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Re: The Invasion of Ukraine

Post by Woodchopper » Mon Aug 08, 2022 5:08 pm

After Russia invaded Ukraine, the West announced tough new sanctions and tech companies said they had halted all exports to Russia. Yet supplies of Western computer parts continued, a joint investigation finds.
https://www.reuters.com/investigates/sp ... les-chips/

Looks like most of the microchips are general ones found in civil equipment rather than ones made to military specifications.

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Woodchopper
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Re: The Invasion of Ukraine

Post by Woodchopper » Tue Aug 09, 2022 4:23 am

Woodchopper wrote:
Mon Aug 08, 2022 5:08 pm
After Russia invaded Ukraine, the West announced tough new sanctions and tech companies said they had halted all exports to Russia. Yet supplies of Western computer parts continued, a joint investigation finds.
https://www.reuters.com/investigates/sp ... les-chips/

Looks like most of the microchips are general ones found in civil equipment rather than ones made to military specifications.
Full report: https://rusi.org/explore-our-research/p ... ar-machine

FlammableFlower
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Re: The Invasion of Ukraine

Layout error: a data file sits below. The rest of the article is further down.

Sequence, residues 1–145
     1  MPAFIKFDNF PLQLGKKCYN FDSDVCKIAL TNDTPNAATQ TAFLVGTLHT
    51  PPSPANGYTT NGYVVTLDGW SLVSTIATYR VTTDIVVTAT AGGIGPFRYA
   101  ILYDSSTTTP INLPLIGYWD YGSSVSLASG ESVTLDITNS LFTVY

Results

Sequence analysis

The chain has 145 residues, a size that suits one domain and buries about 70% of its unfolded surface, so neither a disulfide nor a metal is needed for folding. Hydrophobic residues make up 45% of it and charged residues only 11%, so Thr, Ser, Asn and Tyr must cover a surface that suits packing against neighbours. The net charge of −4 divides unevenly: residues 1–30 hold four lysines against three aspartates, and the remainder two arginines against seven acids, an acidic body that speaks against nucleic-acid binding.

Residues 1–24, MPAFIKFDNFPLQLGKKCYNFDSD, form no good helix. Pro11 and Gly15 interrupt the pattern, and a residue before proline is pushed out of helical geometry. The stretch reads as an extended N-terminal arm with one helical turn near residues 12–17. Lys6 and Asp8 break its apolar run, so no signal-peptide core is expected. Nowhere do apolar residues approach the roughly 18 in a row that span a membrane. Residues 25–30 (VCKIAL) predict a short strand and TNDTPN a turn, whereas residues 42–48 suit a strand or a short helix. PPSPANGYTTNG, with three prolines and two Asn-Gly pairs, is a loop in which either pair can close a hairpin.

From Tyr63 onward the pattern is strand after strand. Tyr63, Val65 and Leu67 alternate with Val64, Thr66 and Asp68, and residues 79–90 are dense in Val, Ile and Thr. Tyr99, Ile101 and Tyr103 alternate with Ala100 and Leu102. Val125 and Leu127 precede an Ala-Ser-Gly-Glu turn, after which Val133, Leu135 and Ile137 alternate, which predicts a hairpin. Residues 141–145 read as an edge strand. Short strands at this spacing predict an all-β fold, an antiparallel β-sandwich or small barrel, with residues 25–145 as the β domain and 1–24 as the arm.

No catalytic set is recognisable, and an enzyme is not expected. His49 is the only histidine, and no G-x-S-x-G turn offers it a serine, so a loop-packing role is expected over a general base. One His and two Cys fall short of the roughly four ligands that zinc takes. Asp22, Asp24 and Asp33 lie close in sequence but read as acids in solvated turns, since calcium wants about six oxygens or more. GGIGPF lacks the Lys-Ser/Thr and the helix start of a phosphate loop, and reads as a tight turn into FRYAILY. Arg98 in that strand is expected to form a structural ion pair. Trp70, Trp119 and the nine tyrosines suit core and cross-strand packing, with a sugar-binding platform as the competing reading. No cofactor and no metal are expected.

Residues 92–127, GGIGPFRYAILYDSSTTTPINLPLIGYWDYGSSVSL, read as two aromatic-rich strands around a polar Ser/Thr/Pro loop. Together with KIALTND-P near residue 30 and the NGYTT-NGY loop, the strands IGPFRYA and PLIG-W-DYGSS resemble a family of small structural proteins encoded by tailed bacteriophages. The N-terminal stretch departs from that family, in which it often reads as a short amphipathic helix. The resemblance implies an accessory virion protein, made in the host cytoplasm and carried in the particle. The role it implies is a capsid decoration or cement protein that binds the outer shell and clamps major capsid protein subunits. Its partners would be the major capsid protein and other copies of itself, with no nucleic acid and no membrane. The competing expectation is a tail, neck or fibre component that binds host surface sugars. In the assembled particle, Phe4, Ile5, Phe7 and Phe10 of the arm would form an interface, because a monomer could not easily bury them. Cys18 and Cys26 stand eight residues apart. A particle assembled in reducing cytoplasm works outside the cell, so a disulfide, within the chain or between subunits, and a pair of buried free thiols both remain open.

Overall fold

Post by FlammableFlower » Tue Aug 09, 2022 9:44 am

Sanctions are now starting to cause the cannibalisation of Russian planes.

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EACLucifer
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Re: The Invasion of Ukraine

Post by EACLucifer » Tue Aug 09, 2022 10:00 pm

Bucha massacre bodies have, insomuch as it is possible to determine how many there were, been collected and counted. Three hundred and sixty six men, eighty six women, nine children and five too damaged to even know that much about them.

Bucha was the place that caught the headlines when it was liberated. I've heard a lot of rumours of worse in territories currently occupied. In Mariupol, people are gathering water from shell craters. And the stories from Kherson are horrifying.

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TimW
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Re: The Invasion of Ukraine

Post by TimW » Wed Aug 10, 2022 7:53 am

https://tass.com/politics/1481067 wrote:VOLGOGRAD, July 17. /TASS/. Ukraine’s leadership will immediately be faced with a doomsday should it venture to attack Crimea, Deputy Chairman of the Russian Security Council Dmitry Medvedev said on Sunday.

"Some ecstatic bl..dy clowns, who pop up there with some statements now and then, are trying to threatens us, I mean attacks on Crimea and so on," he said at a meeting with WWII veterans during his trip to Russia’s southern city of Volgograd. According to Medvedev, consequences of such Ukraine’s actions are quite obvious.

"Should anything of the kind happen, they will be faced with a doomsday, very quick and tough, immediately. There will be no avoiding it. But they keep on provoking the general situation by such statements," he stressed.
It's lucky, then, that Saki airfield wasn't attacked and it was all just an accident.